Like pleasure and a little painHeart, “Black On Black II”
The sacred and profane
Ice and fire counteract
Like black on black
I’ve been a writer for a very long time. I can remember crafting stories all the way back to the age of four. I had few friends – I’ve always had few friends. That’s just me – and I would come up with stories about the action figures or Matchbox cars I played with because most of the time I was playing alone. Those stories changed into written tales in elementary school, then to full-fledged fiction pieces by junior high.
By the time I reached college and was taking creative writing courses, I’d already completed four or five novellas and my AP English final project was the first third of a comedy/mystery novel that had taken hold of my mind and wouldn’t let go.
After college, I began to take myself more seriously as a writer and began cranking out fantasy pieces quite often. It was during this period, when I first attended grad school, that I submitted stories for publication, got soundly rejected, and ended up publishing them myself online. Those heady days when Netscape Navigator and dial-up internet were the majority of the landscape. When I taught myself HTML and CSS to make my publications look…well, if not good then at least cool enough that I wasn’t embarrassed of them.
It was during this time that I created the character of Chthonia. I’ll let you in on a little secret of mine: I’m terrible with naming characters or coming up with titles for my works. At that time, my go-to was the Dictionary Of Mythology. I would need a name, decide on a starting letter, then open up the Dictionary and scan until something jumped out at me. Most of the time, they were proper names of mythological creatures or characters. Sometimes, however, they were words that appeared in the Dictionary that I twisted a little to make them sound like a name. Such a one was Chthonia.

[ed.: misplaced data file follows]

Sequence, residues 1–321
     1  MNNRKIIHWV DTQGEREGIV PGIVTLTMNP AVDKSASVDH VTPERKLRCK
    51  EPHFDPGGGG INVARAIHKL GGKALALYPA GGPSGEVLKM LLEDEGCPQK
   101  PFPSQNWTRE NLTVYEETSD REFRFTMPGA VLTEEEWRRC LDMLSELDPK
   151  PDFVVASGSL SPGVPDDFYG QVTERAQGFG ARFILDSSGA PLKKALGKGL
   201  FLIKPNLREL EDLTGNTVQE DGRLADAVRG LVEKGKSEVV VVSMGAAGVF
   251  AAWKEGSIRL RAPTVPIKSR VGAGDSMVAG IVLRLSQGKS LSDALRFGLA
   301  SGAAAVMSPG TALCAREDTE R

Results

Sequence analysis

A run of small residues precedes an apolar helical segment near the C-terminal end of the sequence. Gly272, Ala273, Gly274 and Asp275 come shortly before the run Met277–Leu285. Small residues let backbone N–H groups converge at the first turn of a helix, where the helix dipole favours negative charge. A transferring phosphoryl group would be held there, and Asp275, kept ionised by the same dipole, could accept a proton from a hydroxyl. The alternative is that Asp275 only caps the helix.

I borrowed the word ‘chthonic’ from Greek literature; it means ‘of or relating to the underworld.’ With a twist, it became ‘Chthonia,’ and she entered my stories as your basic sword-swinging, carbon copy Fighter-class person right out of a first edition AD&D campaign. She wasn’t very complex or interesting. At least, that’s what the magazines I submitted her stories to told me. After about a dozen stories and attempts at publication, she shuffled off into the realm of ‘things that didn’t work out the way I’d hoped.’
Fast forward to 2018 and my lunch break habits.
Really, there’s a connection here, I swear. As a matter of fact, I’m probably repeating myself somewhat. Bear with me.
The library I work in is located in a municpal park that has a lovely little creek flowing through its southwestern edge and I’d taken to bringing my lunch down there when the weather was nice and relaxing on a stone in the middle of the creek, just downstream from a small waterfall. I’d been doing this for a while, going so far as to occasionally nap there or lay back using my lunch box as a pillow and just watch the sky or read something. But one day, as I sat there on my rock (my rock. Spike my sacred space at your peril. Heh), I reached behind me for my lunch box and heard something rustle. I looked behind to see a large, brown snake rising up from a nearby pile of leaves. Very nearby. Within easy reach of my lunchbox, but just out of reach for me.
Its beady little black eyes stared at me, tongue flicking, tasting the air. I just stared back, frozen.